How we put together a simple deal to spin off Know Your Company

It’s easy until you make it complicated. So don’t.

Back in June of 2013, we launched Know Your Company. We built it in a few months with a small team of 3. A few months after launch it had generated a couple hundred thousand dollars in revenue, so there was definitely a good business brewing.

Later that year we made the decision to focus our business exclusively on Basecamp. That meant we’d either sell, spin-off, or roll bits of our other products into Basecamp. These products included Highrise, Backpack, Campfire, and Know Your Company, among others.

Jumping ahead, we decided to spin-off Know Your Company into a separate company. And we knew the perfect person to run it: Claire Lew.

Skipping over the why to get to the how

There’s a long back story about how we met Claire, why we decided she’d be right to run Know Your Company, etc. But I’ll save that for another post. I want to get right into how we structured the deal.

But first, there are a million ways to spin-off a company. And most of them are fucking complicated. Complicated stuff is anathema to us at Basecamp, so anything messy, extensively lawyer-y, protracted, knotty, or otherwise elaborate was off the table. So what was simple?

How we structured the deal

At the moment of the spin-off, Basecamp owned 100% of Know Your Company. The product had generated a few hundred thousand dollars of revenue at that point, so it was a nice growing business, but it was still young and mostly unformed. Its best days were way ahead of it.

So we decided to give Claire half of it. We’d own 50%, she’d own 50%. Her 50% wouldn’t cost her anything.

We wanted her, she was up for the challenge, and the money that she would have to normally come up with to buy-in wasn’t an amount that mattered enough to us to put any hurdles in the way of making it happen. Plus, we didn’t have to mess around with silly valuations either. Why complicate things?

We’d maintain that 50/50 partnership until she generated $1,000,000 in new sales. It could take 3 weeks, it could take 3 months, it could take 3 years. The $1,000,000 was cumulative — she’d hit it whenever she hit it. And when she did, we’d flip the partnership in her favor. She’d now own 75%, and we’d own 25%. And that’s how it would run in perpetuity.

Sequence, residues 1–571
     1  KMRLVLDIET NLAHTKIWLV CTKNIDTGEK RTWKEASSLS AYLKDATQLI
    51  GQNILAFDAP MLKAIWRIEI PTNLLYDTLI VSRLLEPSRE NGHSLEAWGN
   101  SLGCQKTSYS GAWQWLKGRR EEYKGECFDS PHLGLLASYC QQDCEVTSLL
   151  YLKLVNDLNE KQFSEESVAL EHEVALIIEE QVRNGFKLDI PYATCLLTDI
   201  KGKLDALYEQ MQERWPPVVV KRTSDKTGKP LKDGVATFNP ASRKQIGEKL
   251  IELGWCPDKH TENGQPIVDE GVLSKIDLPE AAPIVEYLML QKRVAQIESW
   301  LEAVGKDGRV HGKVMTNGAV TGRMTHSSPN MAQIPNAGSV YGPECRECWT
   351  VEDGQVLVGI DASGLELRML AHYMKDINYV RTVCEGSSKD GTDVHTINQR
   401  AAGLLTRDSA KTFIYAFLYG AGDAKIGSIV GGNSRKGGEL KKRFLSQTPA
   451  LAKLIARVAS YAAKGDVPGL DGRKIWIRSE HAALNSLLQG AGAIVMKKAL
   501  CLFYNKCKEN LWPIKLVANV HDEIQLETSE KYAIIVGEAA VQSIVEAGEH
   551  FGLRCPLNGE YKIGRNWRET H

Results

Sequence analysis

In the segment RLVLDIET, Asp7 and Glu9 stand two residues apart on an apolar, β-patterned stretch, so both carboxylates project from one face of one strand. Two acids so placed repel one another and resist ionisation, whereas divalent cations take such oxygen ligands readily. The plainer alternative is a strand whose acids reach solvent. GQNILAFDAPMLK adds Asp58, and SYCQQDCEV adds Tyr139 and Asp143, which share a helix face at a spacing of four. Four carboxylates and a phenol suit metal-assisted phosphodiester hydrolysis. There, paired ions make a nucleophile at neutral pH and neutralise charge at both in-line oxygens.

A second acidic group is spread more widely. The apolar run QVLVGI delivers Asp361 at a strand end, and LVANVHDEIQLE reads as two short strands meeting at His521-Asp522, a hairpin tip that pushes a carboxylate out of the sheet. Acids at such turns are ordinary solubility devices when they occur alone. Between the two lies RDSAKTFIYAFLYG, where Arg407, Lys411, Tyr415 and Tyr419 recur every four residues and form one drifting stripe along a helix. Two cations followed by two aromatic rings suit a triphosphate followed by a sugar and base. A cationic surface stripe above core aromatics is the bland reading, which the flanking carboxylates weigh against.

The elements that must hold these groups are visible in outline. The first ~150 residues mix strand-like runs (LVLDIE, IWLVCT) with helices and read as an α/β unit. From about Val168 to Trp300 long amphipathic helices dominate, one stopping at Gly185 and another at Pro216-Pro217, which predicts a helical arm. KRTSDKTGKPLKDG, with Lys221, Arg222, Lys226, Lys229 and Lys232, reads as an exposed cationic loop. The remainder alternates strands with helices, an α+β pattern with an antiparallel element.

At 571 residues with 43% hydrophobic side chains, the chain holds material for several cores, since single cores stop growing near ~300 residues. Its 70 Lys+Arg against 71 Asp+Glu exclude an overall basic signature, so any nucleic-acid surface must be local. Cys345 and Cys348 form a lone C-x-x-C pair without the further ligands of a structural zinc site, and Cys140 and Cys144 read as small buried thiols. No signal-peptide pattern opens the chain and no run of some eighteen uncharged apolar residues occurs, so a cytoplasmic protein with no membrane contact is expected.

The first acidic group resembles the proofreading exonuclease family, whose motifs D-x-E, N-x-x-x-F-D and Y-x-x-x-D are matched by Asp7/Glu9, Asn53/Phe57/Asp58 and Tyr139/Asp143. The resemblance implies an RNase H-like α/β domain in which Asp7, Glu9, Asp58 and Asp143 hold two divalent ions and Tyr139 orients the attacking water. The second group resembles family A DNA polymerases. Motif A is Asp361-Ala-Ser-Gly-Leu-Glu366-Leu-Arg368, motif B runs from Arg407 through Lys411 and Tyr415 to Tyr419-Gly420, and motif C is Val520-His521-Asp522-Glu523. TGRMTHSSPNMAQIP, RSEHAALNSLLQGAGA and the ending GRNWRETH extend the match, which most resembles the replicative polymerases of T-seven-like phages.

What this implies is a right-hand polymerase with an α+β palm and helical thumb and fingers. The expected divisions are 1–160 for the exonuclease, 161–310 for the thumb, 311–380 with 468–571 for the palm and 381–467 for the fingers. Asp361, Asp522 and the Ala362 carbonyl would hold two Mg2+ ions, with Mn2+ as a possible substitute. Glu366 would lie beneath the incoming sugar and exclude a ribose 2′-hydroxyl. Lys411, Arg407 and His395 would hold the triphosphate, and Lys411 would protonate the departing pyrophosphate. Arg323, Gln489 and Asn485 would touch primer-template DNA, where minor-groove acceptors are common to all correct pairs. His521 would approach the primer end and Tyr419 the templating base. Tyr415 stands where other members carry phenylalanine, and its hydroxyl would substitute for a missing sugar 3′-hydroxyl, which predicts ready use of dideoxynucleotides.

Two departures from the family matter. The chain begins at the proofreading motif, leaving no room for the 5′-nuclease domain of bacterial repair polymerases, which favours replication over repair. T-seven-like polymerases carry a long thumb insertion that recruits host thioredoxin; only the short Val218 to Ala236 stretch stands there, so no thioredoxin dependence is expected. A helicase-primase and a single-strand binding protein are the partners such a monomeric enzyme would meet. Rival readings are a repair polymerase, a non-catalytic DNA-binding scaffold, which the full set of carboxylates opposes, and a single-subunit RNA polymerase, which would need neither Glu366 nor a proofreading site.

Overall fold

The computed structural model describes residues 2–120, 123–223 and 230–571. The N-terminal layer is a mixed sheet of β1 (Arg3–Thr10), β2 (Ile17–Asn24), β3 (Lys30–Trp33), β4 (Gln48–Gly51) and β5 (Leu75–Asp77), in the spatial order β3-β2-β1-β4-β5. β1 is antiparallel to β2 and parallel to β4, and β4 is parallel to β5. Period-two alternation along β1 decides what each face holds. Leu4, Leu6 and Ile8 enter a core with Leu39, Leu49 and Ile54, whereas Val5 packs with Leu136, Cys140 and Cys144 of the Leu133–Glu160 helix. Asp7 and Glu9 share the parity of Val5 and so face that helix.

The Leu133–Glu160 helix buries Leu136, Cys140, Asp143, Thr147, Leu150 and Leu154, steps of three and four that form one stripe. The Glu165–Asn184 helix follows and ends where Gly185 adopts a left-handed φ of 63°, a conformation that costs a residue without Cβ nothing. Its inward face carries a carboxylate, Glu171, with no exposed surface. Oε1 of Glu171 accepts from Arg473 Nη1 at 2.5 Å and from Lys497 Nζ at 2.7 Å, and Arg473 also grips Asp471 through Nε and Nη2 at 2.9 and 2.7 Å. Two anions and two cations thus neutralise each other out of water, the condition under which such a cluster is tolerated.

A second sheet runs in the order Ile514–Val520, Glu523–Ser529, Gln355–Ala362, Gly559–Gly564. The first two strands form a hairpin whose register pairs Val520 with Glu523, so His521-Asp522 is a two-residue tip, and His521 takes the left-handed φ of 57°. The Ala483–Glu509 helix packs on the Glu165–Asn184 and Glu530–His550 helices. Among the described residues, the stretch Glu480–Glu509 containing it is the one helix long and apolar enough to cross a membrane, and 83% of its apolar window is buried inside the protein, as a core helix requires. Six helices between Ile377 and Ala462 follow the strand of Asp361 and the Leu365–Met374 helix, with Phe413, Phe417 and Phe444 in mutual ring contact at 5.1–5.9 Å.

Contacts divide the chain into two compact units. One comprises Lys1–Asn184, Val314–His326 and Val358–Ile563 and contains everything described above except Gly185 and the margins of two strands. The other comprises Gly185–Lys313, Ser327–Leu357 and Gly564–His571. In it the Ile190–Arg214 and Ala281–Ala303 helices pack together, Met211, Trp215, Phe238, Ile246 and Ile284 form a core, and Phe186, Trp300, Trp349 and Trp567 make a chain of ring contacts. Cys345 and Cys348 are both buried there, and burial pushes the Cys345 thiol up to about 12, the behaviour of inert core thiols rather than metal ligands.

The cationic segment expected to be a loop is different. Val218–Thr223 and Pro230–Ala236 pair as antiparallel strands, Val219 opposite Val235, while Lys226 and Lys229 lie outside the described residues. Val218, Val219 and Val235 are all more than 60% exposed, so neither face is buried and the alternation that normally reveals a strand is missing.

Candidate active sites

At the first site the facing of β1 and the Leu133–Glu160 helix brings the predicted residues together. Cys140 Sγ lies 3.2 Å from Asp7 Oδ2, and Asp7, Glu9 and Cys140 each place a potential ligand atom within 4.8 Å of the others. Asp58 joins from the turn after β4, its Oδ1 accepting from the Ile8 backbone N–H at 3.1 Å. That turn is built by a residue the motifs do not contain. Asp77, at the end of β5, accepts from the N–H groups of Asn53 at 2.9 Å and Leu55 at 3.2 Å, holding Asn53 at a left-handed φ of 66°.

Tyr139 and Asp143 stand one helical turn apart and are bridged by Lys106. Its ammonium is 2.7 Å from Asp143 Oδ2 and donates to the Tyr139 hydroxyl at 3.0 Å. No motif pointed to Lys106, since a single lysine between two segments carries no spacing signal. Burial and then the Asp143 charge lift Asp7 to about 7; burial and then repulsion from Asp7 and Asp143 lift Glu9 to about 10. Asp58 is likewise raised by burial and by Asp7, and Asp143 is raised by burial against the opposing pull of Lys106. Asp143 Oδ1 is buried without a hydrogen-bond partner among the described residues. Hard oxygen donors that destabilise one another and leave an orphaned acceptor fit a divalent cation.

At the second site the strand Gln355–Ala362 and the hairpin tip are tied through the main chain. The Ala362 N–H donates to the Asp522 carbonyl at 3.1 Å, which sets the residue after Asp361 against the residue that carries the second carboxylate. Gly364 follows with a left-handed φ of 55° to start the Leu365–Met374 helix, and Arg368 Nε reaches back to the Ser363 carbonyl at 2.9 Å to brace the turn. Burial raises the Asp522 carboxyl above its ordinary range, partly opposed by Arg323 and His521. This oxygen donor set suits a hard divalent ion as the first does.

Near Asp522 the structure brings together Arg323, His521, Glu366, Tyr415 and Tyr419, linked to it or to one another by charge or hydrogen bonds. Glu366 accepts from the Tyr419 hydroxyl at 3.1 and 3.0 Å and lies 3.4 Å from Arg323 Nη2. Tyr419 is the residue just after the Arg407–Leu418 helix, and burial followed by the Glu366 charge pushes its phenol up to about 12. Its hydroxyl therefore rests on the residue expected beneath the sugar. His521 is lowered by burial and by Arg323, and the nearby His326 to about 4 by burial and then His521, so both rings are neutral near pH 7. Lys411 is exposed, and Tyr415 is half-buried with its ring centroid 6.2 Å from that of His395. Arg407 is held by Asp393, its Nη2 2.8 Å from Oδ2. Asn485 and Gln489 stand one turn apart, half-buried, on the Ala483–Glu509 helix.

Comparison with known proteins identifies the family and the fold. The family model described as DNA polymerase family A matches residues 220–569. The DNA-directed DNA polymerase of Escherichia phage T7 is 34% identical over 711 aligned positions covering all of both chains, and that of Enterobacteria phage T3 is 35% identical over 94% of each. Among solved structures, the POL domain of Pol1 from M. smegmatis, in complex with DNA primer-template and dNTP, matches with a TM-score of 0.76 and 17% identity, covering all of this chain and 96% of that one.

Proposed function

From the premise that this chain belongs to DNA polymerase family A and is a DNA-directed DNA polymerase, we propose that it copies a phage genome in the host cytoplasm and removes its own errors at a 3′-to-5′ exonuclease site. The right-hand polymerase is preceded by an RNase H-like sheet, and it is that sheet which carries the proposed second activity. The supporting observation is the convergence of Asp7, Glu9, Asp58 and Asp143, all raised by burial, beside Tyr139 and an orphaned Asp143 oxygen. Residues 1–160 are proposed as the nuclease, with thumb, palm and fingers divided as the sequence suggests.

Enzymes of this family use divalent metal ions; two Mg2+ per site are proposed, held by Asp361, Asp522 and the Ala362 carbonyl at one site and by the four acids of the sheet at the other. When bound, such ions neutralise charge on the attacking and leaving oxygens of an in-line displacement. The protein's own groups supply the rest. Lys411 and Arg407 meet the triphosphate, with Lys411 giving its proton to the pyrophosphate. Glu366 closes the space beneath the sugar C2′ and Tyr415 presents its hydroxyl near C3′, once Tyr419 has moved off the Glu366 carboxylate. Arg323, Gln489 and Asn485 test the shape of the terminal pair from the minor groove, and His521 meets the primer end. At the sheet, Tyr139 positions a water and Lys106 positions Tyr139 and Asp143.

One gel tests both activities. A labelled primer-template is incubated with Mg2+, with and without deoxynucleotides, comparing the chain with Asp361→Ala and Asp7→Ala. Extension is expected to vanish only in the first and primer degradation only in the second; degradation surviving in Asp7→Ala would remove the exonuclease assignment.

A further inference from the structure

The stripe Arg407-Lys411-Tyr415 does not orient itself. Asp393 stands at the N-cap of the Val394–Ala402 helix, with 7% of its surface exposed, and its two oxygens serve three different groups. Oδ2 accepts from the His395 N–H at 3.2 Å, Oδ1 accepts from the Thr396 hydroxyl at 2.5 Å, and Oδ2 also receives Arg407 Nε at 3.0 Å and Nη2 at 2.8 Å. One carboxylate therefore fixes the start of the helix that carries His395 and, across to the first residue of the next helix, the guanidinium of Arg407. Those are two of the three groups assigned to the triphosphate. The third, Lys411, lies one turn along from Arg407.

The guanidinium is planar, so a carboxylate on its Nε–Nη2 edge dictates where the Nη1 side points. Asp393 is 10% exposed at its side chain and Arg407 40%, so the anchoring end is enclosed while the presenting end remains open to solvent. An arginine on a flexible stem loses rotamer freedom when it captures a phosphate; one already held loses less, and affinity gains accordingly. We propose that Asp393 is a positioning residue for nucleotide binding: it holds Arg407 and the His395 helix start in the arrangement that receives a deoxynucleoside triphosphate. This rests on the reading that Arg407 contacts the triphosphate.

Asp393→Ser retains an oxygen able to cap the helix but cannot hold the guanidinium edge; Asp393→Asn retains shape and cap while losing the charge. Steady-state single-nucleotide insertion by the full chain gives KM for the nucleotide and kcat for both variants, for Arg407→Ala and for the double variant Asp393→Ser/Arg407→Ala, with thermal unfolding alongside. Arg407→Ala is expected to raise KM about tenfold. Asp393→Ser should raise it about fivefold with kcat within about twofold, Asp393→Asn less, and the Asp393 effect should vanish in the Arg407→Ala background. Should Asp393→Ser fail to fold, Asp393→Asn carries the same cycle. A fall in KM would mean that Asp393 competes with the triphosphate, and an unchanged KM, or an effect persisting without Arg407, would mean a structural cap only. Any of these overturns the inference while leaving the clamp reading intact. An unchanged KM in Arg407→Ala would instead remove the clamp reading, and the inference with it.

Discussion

It was that simple.

Here’s the actual term sheet to prove it:

I’m sharing the non-signed version so we don’t publish signatures.

It was signed on November 20th. She hasn’t hit the $1,000,000 marker yet, but she’s real close (over $700k so far)!

These things can be simple

Talk to enough people about spinning things off, putting deals together, writing up agreements, coming to terms with people, etc. and you’ll inevitably hear how complicated it is. But it’s not inherently complicated. It often becomes complicated. Just about everything can be made complicated. In fact, spend enough time doing business and you’ll notice that making things harder than they need to be comes naturally to most people.

I believe simple is actually the natural state of things. It’s simple until you make it complicated. This goes for just about anything in life and work.

I hope the way we structured this deal — simple terms, a single one-page plain language agreement, a handshake, and a ‘we’re here to help any time’ will serve as an example of how simple a deal can be.

It’s been a blast to see Claire grow the company, improve the product, and service the customers. We get together a few times a year and riff on ideas, help her think through some challenging product decisions, and talk shop. And in between the face-to-face stuff, we have a Basecamp project set up where we discuss finer details, review numbers occasionally, share ideas, and get updates from Claire when she has something to share. It’s perfect.